Mem Cognit. 2021 Dec 2. doi: 10.3758/s13421-021-01258-y. Online ahead of print.ABSTRACTRecent studies found that making judgments of learning (JOLs) can reactively facilitate memory, a phenomenon termed the reactivity effect of JOLs. The current study was designed to explore (1) whether making judgments of forgetting (JOFs) can also enhance memory and (2) whether there is any difference between the reactivity effects of JOFs and JOLs. Experiment 1 found that soliciting JOFs significantly enhanced retention of single words. Experiments 2 and 3 observed minimal difference in reactivity effects between JOFs and JOLs on learni...
Source: Memory and Cognition - December 2, 2021 Category: Neuroscience Authors: Baike Li Wenbo Zhao Jun Zheng Xiao Hu Ningxin Su Tian Fan Yue Yin Meng Liu Chunliang Yang Liang Luo Source Type: research

Can cue familiarity during recall failure prompt illusory recollective experience?
We examined the hypothesis that as perceived cue familiarity increases during the uncertainty of target retrieval failure, so does illusory recollection of a contextual detail. Toward this end, we systematically varied the amount of cue-to-target(s) surface feature-overlap in the recognition without cued recall paradigm, which has been shown to increase perceived cue familiarity during target recall failure. Increasing perceived cue familiarity during target retrieval failure led to increased confidence in knowing a contextual detail that was not actually known. As perceived cue familiarity increased, so did erroneous conf...
Source: Memory and Cognition - December 2, 2021 Category: Neuroscience Authors: Andrew M Huebert Katherine L McNeely-White Anne M Cleary Source Type: research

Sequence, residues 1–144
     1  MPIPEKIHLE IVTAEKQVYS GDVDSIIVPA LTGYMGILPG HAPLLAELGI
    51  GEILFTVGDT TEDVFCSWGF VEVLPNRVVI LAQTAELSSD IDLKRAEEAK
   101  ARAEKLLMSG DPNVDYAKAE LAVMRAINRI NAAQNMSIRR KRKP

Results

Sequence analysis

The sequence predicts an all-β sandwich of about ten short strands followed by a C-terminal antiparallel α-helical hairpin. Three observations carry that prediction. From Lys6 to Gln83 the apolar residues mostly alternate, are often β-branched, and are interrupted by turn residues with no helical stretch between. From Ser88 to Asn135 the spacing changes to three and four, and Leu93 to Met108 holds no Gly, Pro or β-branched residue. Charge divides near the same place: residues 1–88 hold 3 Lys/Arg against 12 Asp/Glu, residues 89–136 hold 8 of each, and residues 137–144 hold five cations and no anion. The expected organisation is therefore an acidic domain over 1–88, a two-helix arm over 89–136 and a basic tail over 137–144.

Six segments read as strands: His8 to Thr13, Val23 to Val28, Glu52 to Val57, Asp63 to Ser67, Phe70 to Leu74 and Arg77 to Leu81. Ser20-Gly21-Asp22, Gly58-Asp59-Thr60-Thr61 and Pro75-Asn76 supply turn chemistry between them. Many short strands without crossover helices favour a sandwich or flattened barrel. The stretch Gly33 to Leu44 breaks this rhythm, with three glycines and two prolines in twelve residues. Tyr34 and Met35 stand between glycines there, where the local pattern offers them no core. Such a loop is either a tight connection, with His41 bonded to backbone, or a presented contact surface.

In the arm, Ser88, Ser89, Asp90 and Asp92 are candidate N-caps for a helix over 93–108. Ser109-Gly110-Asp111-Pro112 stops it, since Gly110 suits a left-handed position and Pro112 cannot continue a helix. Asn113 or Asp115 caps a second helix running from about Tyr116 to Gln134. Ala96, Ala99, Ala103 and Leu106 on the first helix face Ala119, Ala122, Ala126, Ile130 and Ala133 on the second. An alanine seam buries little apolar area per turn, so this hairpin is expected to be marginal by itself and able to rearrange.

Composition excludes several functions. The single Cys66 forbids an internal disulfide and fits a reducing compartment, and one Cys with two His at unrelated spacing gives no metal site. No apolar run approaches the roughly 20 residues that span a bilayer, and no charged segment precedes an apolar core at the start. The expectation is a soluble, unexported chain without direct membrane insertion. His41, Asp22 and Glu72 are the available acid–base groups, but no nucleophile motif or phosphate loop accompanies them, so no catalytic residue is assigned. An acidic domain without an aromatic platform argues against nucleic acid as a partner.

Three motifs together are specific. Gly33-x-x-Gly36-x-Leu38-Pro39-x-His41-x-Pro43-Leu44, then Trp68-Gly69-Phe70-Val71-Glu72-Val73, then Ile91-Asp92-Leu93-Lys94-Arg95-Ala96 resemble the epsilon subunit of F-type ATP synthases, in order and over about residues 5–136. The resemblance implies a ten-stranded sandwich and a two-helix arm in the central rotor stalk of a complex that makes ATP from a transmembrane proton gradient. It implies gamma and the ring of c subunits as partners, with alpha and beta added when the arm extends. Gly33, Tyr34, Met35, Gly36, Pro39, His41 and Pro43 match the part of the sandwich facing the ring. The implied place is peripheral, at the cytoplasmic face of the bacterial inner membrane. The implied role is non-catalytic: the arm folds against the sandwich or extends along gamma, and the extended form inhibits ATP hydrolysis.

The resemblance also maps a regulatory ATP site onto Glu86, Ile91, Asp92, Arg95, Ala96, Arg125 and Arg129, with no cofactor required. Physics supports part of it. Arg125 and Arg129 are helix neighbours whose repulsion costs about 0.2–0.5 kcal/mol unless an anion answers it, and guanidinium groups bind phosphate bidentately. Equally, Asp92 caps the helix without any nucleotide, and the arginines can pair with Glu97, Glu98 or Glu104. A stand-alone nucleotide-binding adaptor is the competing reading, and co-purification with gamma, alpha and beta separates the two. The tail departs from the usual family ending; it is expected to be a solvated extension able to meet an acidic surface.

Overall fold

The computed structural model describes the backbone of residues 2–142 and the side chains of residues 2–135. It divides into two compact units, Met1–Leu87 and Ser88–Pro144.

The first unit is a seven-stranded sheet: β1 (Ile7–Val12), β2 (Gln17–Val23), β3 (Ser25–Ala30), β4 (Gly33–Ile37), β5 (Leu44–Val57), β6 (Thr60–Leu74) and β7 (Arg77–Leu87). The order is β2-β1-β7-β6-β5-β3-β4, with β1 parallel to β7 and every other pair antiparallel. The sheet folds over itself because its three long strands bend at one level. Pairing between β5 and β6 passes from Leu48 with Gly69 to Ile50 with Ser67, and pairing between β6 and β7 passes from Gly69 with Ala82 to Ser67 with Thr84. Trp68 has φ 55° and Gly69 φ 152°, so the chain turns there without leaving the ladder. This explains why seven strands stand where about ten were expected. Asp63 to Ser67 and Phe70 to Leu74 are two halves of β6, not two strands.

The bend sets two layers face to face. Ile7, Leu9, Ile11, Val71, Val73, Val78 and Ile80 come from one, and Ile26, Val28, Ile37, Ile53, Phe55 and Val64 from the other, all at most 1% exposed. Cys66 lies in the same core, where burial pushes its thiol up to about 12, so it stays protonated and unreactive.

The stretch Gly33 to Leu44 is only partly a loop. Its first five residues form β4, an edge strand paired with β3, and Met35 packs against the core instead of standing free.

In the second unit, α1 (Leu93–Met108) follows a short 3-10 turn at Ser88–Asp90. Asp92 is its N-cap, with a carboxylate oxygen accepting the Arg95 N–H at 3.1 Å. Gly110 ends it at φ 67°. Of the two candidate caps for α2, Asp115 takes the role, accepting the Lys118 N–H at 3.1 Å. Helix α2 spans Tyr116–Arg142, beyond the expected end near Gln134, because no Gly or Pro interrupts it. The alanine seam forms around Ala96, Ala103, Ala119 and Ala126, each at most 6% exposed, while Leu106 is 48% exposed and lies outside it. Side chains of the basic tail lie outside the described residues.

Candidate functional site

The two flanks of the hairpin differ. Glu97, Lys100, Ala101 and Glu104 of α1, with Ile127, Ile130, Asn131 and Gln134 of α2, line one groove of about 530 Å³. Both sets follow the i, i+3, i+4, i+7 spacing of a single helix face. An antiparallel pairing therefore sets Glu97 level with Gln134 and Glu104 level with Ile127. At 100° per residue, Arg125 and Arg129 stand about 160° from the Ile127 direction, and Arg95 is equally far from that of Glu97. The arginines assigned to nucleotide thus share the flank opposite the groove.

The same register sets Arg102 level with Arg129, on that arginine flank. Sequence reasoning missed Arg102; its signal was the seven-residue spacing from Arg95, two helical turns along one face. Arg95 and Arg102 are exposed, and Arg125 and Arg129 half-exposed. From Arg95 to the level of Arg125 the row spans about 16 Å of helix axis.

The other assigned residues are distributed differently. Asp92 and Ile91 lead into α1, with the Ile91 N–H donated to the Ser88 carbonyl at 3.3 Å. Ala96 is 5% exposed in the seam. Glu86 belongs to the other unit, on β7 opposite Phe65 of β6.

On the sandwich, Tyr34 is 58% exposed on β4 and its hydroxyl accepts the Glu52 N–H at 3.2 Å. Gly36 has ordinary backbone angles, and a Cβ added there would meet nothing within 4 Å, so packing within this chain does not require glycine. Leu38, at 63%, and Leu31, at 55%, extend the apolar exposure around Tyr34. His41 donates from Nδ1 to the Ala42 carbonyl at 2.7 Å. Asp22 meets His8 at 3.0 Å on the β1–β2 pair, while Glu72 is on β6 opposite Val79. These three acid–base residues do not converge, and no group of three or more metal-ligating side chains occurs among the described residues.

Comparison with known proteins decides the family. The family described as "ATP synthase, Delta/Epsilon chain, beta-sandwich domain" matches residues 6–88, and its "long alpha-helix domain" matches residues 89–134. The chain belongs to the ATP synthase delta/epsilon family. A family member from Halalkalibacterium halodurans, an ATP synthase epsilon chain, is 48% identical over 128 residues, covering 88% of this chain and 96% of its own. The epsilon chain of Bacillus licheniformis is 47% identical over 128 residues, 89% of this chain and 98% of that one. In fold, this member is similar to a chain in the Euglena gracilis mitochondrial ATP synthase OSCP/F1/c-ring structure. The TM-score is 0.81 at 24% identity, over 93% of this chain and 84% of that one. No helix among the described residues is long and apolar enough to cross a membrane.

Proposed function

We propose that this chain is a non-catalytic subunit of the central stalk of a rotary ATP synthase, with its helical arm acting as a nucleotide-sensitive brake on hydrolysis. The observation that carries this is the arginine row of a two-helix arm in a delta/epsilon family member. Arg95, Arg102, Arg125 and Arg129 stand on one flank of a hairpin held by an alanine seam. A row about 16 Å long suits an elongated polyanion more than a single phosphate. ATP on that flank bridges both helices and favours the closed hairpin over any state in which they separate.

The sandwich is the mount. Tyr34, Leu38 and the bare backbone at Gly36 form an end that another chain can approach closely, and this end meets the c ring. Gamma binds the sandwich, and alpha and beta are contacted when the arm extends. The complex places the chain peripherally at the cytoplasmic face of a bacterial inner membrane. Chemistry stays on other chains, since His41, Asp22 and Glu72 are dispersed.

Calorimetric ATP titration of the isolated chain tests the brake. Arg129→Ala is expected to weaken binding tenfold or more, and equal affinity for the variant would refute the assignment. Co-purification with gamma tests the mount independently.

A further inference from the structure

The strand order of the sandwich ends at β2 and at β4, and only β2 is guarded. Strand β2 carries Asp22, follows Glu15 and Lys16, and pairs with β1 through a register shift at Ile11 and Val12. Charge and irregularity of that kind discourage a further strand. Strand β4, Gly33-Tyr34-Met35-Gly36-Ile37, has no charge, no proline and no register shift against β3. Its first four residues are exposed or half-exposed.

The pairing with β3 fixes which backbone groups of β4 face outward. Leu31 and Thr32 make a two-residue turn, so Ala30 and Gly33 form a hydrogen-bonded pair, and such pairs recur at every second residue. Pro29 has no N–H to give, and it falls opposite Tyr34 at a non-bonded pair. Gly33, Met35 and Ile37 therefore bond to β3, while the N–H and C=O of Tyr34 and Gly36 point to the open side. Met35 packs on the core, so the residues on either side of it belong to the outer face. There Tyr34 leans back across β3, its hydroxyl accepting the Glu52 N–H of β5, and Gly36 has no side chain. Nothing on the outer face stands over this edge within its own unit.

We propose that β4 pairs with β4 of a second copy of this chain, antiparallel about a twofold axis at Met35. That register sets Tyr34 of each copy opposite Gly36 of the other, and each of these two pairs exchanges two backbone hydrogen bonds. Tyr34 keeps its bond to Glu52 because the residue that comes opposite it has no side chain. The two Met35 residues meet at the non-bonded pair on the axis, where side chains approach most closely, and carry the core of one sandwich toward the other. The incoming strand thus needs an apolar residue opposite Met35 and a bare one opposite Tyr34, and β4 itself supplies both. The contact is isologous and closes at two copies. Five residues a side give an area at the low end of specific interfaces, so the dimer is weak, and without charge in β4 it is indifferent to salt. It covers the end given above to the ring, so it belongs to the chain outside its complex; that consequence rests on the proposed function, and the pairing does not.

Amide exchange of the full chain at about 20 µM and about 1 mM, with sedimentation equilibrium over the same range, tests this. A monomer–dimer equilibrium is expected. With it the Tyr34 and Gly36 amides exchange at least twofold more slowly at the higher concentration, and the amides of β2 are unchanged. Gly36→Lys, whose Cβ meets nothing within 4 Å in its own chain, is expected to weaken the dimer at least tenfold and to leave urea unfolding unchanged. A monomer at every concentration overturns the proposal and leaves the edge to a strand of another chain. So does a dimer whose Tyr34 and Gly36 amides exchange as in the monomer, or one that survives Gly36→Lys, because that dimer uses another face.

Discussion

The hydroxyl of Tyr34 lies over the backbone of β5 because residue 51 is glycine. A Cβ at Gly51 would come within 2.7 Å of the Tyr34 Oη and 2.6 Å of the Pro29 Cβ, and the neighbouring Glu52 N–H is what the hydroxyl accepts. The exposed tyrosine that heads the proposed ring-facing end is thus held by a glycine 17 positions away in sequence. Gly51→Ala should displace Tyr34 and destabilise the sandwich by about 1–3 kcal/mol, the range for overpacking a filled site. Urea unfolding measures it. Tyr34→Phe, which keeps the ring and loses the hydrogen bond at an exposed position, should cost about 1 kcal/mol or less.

Soliciting judgments of forgetting reactively enhances memory as well as making judgments of learning: Empirical and meta-analytic tests
Mem Cognit. 2021 Dec 2. doi: 10.3758/s13421-021-01258-y. Online ahead of print.ABSTRACTRecent studies found that making judgments of learning (JOLs) can reactively facilitate memory, a phenomenon termed the reactivity effect of JOLs. The current study was designed to explore (1) whether making judgments of forgetting (JOFs) can also enhance memory and (2) whether there is any difference between the reactivity effects of JOFs and JOLs. Experiment 1 found that soliciting JOFs significantly enhanced retention of single words. Experiments 2 and 3 observed minimal difference in reactivity effects between JOFs and JOLs on learni...
Source: Memory and Cognition - December 2, 2021 Category: Neuroscience Authors: Baike Li Wenbo Zhao Jun Zheng Xiao Hu Ningxin Su Tian Fan Yue Yin Meng Liu Chunliang Yang Liang Luo Source Type: research

Living-in-history effect in the dating of important autobiographical memories